Chelsi Flippo, MD
Chelsi Flippo, MD, joined the NIH in 2018 as a clinical fellow in the Pediatric Endocrinology Inter-Institute Training Program. She received her medical degree from St. George’s University School of Medicine and then completed a pediatrics residency at Jersey Shore University Medical Center.
Dr. Flippo studies hypercortisolemic states, including Cushing’s disease and functional hypercortisolemia. In particular, she is interested in the utility of plasma copeptin as a potential marker for remission in Cushing’s disease.
We asked Dr. Flippo a few questions about her clinical interests and perspectives to learn more about the person behind the degree. Meet Dr. Flippo:
What influenced you to go into pediatric endocrinology?
Early in residency, I was fortunate to work with several wonderful pediatric endocrinologists, but Dr. Katherine Beckwith-Fickas was a new pediatric endocrinology faculty member who was full of enthusiasm and inspired me to consider endocrinology. I was intrigued by the variety of pathology in pediatric endocrinology and enjoyed the continuity that the specialty allowed, particularly with patients with diabetes mellitus. There was one patient who helped confirm that I should pursue my specialty—a teen female who presented overnight with acute onset lower extremity weakness. We ordered thyroid function tests after noting that her potassium was low, and she was ultimately found to have Graves’ disease resulting in thyrotoxic periodic paralysis. It was a fascinating case to me then and is still now.
How has your perspective of clinical research evolved from the first year to the third year of your NIH fellowship?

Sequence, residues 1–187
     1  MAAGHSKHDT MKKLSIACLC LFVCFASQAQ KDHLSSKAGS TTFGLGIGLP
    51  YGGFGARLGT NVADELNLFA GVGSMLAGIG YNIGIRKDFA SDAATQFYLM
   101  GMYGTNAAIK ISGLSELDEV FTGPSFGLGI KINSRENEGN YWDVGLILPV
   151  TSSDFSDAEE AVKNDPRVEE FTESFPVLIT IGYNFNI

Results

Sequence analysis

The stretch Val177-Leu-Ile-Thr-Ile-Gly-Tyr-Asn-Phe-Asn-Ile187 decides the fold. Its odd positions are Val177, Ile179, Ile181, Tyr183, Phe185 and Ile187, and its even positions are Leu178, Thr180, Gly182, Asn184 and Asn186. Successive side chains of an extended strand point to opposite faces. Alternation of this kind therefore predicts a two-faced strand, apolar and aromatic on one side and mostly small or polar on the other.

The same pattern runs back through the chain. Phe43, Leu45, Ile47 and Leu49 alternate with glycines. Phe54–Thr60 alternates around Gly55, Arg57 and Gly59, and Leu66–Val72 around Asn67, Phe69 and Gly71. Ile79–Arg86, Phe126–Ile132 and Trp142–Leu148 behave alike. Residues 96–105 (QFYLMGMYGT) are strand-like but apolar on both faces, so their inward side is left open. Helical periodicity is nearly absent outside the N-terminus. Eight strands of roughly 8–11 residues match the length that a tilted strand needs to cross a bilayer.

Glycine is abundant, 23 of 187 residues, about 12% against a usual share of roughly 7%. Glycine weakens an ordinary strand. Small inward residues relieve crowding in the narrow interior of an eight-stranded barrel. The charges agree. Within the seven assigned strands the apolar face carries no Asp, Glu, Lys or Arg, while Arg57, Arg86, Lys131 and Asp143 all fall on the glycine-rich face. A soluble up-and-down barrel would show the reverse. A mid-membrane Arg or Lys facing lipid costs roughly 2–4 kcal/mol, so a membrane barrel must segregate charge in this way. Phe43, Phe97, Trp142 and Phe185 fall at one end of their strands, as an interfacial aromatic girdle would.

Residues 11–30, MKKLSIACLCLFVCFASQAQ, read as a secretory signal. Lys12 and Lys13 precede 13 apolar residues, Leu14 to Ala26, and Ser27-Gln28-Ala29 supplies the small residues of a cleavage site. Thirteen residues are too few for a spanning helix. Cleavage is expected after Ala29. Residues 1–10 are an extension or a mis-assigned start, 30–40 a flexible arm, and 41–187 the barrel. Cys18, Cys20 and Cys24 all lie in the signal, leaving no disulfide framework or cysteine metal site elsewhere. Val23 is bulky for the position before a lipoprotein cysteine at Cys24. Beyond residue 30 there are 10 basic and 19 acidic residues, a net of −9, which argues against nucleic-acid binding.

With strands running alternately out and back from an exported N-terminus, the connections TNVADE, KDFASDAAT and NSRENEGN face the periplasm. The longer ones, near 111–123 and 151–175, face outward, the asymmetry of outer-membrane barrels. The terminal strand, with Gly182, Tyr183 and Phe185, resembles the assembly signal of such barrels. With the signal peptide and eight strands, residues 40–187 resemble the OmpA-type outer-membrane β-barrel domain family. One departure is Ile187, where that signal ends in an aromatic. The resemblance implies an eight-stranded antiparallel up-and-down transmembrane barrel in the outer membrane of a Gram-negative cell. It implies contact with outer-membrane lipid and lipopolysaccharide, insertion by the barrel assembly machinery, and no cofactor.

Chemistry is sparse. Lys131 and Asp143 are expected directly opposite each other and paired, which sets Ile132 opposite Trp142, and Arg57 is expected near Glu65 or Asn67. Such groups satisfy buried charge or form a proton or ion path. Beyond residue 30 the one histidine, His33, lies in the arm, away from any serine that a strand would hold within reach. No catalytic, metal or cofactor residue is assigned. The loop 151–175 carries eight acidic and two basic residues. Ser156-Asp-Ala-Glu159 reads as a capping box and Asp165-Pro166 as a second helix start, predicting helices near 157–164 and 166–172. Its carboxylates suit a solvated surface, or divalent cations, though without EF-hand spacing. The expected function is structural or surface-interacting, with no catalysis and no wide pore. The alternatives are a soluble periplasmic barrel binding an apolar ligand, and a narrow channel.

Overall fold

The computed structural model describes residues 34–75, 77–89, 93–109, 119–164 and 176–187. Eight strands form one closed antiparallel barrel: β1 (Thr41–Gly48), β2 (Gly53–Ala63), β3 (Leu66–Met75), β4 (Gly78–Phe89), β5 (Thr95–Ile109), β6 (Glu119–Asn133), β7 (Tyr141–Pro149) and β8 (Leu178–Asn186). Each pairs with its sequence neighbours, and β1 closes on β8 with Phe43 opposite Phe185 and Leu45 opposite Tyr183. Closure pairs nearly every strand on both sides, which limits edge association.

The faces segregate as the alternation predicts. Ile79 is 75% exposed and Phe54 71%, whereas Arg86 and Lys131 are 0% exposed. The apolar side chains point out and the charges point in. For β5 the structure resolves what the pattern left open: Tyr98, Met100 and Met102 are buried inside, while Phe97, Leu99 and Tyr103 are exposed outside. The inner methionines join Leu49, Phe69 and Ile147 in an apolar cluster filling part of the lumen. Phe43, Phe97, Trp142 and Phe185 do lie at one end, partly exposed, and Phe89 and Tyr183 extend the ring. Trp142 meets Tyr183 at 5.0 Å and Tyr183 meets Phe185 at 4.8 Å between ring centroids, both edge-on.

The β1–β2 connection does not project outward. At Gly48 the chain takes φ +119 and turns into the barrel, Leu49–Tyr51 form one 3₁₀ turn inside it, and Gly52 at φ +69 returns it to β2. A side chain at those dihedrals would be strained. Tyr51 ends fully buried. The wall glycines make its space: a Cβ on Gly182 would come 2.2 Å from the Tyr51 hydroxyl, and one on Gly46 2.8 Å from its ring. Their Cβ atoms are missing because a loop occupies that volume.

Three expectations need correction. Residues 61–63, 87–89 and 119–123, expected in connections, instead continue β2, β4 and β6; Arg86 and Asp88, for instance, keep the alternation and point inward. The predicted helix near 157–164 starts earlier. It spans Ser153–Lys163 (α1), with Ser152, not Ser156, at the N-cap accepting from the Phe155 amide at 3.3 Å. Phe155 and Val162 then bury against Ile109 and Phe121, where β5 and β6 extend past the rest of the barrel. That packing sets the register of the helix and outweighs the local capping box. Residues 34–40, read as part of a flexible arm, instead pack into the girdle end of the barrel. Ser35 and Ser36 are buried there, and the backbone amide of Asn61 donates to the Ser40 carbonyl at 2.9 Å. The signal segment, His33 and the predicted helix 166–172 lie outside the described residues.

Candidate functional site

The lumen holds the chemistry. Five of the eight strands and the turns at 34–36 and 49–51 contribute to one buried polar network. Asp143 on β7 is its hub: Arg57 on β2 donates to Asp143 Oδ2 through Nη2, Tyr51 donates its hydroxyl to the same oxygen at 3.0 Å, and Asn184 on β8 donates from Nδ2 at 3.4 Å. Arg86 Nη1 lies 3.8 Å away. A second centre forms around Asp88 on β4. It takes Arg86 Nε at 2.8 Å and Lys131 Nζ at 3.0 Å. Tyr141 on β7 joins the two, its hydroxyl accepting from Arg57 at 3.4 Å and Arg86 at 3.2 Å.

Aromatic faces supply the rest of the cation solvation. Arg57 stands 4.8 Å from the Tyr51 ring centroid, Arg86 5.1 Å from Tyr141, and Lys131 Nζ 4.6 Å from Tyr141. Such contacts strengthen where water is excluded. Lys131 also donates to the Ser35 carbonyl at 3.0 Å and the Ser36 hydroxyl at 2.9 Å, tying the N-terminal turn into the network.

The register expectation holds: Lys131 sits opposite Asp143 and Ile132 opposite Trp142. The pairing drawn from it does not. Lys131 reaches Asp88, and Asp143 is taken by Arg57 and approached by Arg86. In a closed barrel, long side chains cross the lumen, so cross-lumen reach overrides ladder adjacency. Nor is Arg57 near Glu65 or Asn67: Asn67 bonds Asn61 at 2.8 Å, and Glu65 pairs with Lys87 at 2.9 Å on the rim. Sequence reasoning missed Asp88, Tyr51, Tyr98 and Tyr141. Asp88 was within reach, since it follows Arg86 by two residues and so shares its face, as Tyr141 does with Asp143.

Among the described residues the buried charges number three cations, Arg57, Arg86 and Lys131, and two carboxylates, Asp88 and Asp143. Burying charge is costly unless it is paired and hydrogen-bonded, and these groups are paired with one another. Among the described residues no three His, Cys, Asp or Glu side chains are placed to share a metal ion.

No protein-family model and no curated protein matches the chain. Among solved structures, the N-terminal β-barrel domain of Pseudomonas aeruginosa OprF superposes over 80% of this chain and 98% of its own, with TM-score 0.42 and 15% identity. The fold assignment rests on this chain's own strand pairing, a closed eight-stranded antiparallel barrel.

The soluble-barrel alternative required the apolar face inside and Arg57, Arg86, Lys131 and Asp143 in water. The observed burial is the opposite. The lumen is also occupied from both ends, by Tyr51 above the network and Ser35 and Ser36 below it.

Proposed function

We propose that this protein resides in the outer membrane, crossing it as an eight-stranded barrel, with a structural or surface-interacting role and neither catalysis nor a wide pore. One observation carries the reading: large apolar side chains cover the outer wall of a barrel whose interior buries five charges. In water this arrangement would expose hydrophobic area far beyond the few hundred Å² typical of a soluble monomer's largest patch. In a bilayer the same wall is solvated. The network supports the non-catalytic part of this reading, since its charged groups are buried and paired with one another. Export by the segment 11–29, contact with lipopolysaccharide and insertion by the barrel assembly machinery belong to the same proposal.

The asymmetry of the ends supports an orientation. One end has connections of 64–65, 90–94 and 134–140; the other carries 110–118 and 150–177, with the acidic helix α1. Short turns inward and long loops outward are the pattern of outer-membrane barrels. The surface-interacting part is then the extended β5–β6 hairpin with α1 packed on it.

I began my fellowship with limited clinical research experience, so I was thrilled by the opportunities for research available at NIH. From first to third year, I’ve learned to appreciate the many team members required to successfully complete a well-designed study, analyze the data, and present the results. It has been an honor to be a part of the NICHD’s efforts to expand scientific knowledge in the field of pediatric endocrinology.
What is your most memorable experience while at the NIH?
Last fall I saw a young boy in clinic with Dr. Deborah Merke and Dr. Ashwini Mallappa for evaluation of precocious puberty. The patient had been evaluated at multiple pediatric endocrinology centers with no definitive cause determined. His primary pediatric endocrinologist, our team at NICHD, and several other centers who had evaluated him worked in a collaborative fashion to brainstorm possible causes, further evaluations, and management. In addition to pediatric endocrinology, his multi-center team involved specialists in urology and pathology. We now believe we have determined the cause of precocious puberty in this young boy’s case, and we look forward to publishing the results soon. The experience of working with all of these team members to provide answers for him and his family has been deeply rewarding.
What are your future goals following your fellowship?
I am thrilled to be starting a clinical position with the Pediatric Subspecialists of Virginia (Inova Fairfax) in August to practice the specialty that continues to challenge and excite me every day.
Do you have any hobbies outside of your research and medical work?
In regard to my life outside of fellowship, my interests are painting, running, and traveling. My most recent travel adventure was to Alaska to visit my sister, where we went camping, kayaking, and hiking on glaciers. My fiancé Luis and I adopted a dog named JoJo several months ago, and last month we bought and moved into our new home. Therefore, our dog and an ongoing list of home improvement projects have kept me quite busy in my spare time recently!